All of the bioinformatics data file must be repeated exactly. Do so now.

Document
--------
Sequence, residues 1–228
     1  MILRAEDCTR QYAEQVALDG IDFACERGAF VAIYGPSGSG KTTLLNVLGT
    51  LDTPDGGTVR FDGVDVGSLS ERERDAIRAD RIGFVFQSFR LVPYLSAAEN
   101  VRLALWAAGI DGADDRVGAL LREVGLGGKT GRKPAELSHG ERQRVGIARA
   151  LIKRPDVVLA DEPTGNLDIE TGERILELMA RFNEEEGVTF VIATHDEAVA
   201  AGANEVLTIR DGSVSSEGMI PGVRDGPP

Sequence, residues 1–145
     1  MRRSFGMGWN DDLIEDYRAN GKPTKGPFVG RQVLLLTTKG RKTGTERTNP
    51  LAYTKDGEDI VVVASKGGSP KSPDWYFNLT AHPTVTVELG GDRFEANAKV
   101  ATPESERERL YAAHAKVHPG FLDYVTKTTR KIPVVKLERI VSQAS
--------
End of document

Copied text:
Sequence, residues 1–228
     1  MILRAEDCTR QYAEQVALDG IDFACERGAF VAIYGPSGSG KTTLLNVLGT
    51  LDTPDGGTVR FDGVDVGSLS ERERDAIRAD RIGFVFQSFR LVPYLSAAEN
   101  VRLALWAAGI DGADDRVGAL LREVGLGGKT GRKPAELSHG ERQRVGIARA
   151  LIKRPDVVLA DEPTGNLDIE TGERILELMA RFNEEEGVTF VIATHDEAVA
   201  AGANEVLTIR DGSVSSEGMI PGVRDGPP

Sequence, residues 1–145
     1  MRRSFGMGWN DDLIEDYRAN GKPTKGPFVG RQVLLLTTKG RKTGTERTNP
    51  LAYTKDGEDI VVVASKGGSP KSPDWYFNLT AHPTVTVELG GDRFEANAKV
   101  ATPESERERL YAAHAKVHPG FLDYVTKTTR KIPVVKLERI VSQAS